How to Smoke Brisket
- 1 Full Packer Brisket- About 14-16 Lbs
- 1/4 Cup Your Favorite Beef Dry Rub
- Trim the excess fat off of the brisket. My general preference is to take the fat cap down to about 1/8 of an inch. Round the thinest part of the flat off ever so slightly. The super thin meat will overcook compared to the rest of the brisket.
- Apply a generous layer of your favorite beef dry rub over the entire brisket. Make sure to get the sides too, not just the top and bottom. Get outta here with those mustard and oil binders. The seasoning shouldn't have any problem adhering to the meat without them.
- Preheat your smoker to 225-300 degrees F. If you are using a pellet grill, I recommend closer to 225 F. If you are using charcoal or an offset smoker, 275-300 works well as long as the heat source isn't too close to the meat to char it.
- Smoke the brisket until it reaches about 170 degrees internal temperature. Check to see if the rub is adhered enough to the meat. As long as it's adhered to the meat, it's time to wrap it.
- I like foil. It's cheaper than butcher paper, and easier to use. I recommend the heavier duty, wide foil from the big box stores. Wrap tightly in foil with about 1/4 cup of beef broth.
- Let the wrapped brisket smoke until the meat is around 202-205 degrees F internal temperature. Start probing the flat of the brisket. That's the thin part. If it isn't probing tender like butter, let it keep going. Lower grade beef tends to take a couple extra degrees.
- When the flat is probing tender, remove the brisket from the smoker. Keep the brisket in the foil, and let it rest for 30 mins to an hour. Remove from the foil and slice AGAINST THE GRAIN. The grain changes directions when you get from the flat to the point, so make sure you change your slicing direction to keep cutting against the grain. Enjoy!
How to smoke brisket
The recipe above covers just about everything, but I’ll leave my best tips for smoking the best brisket down here. Here’s my suggestions for the things that work for me:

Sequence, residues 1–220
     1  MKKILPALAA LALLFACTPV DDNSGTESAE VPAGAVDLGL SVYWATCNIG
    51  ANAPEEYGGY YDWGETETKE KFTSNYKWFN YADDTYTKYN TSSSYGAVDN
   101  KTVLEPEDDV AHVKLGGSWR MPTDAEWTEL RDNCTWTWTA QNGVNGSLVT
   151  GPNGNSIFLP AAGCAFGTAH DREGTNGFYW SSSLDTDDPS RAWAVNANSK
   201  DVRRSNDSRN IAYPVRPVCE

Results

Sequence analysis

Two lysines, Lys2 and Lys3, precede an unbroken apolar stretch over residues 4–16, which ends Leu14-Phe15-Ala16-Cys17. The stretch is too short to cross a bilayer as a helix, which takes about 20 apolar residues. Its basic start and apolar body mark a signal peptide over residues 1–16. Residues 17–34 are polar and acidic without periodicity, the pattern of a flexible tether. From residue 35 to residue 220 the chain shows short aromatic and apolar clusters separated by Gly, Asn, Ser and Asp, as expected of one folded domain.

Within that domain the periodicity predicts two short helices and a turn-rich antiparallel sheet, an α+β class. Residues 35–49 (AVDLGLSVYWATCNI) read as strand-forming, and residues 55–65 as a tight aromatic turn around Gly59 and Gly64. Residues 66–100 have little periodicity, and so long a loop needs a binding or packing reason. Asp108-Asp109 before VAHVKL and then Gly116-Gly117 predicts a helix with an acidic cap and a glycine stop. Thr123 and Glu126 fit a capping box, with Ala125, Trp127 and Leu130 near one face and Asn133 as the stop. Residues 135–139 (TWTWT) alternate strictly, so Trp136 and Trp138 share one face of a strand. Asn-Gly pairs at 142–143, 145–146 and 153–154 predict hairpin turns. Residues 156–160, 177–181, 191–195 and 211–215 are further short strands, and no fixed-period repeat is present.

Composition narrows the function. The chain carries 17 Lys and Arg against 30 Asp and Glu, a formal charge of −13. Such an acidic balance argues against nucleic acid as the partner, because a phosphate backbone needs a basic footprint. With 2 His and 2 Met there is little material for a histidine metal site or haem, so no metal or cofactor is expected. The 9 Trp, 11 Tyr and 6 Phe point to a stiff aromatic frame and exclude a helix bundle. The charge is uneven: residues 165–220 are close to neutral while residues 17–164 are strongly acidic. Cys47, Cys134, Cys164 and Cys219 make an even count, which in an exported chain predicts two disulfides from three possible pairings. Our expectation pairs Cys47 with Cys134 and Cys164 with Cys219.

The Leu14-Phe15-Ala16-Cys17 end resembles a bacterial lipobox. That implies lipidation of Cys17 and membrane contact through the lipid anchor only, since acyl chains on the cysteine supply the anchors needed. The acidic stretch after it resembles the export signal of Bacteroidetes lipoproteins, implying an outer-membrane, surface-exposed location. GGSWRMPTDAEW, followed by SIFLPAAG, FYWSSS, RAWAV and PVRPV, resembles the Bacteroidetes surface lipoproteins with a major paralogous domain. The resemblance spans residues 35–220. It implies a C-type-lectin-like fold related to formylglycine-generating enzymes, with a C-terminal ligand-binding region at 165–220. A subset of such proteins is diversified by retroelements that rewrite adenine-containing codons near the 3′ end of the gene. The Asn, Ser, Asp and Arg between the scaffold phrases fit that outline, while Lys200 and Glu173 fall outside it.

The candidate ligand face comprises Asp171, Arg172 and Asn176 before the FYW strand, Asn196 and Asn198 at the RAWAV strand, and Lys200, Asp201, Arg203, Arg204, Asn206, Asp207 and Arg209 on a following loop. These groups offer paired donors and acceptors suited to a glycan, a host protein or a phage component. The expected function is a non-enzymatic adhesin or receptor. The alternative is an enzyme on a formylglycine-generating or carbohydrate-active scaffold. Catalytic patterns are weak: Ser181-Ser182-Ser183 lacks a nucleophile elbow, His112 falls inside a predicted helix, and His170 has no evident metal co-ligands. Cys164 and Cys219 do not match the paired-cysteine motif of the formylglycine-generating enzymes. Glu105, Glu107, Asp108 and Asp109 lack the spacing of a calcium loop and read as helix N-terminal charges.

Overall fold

1- You don’t need to use a binder. Most rubs will adhere to the meat just fine. If you spritz the brisket with apple juice or a liquid that has a bit of sugar or vinegar, you will develop of great bark without needing a mustard or oil binder.
2- It doesn’t have to take all night, and all day. Hot and fast brisket can be just as great, and just as smoky. Just because you smoked it all day, doesn’t mean your brisket will be superior. Most of my briskets only take 8-10 hours at 275-300 degrees. This works better on offset or charcoal cookers. Pellet grills do much better with brisket around 225 degrees.
3- Wood types don’t matter too much. Most pellet types are going to have a similar effect. I’ve never noticed a huge difference. Hickory, apple, cherry, oak, alder, peach and more work just fine with brisket. Use what is available to you.
4- Your first brisket doesn’t have to suck. Gone are the days of the rumor that your first few briskets will be terrible. Keep things simple, and cook the meat to temperature and tenderness, and you will have great results.
5- But hey, don’t be afraid if it does suck. Sometimes a cook doesn’t go too well. Maybe your first brisket doesn’t go too well. Oh well. Just keep practicing. It’s a cut that takes patience. Just roll with it, and let the meat cook. Enjoy the journey, and don’t give up.
6- You’re allowed to use more than just salt and pepper. I love Texas, and I love Texas style brisket, but you’re allowed to use what you enjoy. I love paprika. I love garlic. I love onion. I love herbs. I love depth of flavor. Find flavors that you love and cook with them. Beef doesn’t just have to be salt and pepper. And if you use more than salt and pepper, it doesn’t mean that you can’t cook. You are fully capable, and your smoked brisket will turn out great!